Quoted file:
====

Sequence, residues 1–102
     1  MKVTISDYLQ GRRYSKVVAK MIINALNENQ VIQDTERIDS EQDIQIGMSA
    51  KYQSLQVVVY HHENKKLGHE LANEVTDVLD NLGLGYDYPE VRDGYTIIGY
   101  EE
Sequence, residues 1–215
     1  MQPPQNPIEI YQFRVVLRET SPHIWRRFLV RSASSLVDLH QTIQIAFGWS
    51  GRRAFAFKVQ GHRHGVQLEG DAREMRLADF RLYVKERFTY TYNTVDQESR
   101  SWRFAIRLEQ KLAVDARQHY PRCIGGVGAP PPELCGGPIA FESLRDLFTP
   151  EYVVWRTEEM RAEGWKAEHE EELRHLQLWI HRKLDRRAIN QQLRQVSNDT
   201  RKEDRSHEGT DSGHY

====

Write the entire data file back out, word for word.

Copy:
Sequence, residues 1–102
     1  MKVTISDYLQ GRRYSKVVAK MIINALNENQ VIQDTERIDS EQDIQIGMSA
    51  KYQSLQVVVY HHENKKLGHE LANEVTDVLD NLGLGYDYPE VRDGYTIIGY
   101  EE
Sequence, residues 1–215
     1  MQPPQNPIEI YQFRVVLRET SPHIWRRFLV RSASSLVDLH QTIQIAFGWS
    51  GRRAFAFKVQ GHRHGVQLEG DAREMRLADF RLYVKERFTY TYNTVDQESR
   101  SWRFAIRLEQ KLAVDARQHY PRCIGGVGAP PPELCGGPIA FESLRDLFTP
   151  EYVVWRTEEM RAEGWKAEHE EELRHLQLWI HRKLDRRAIN QQLRQVSNDT
   201  RKEDRSHEGT DSGHY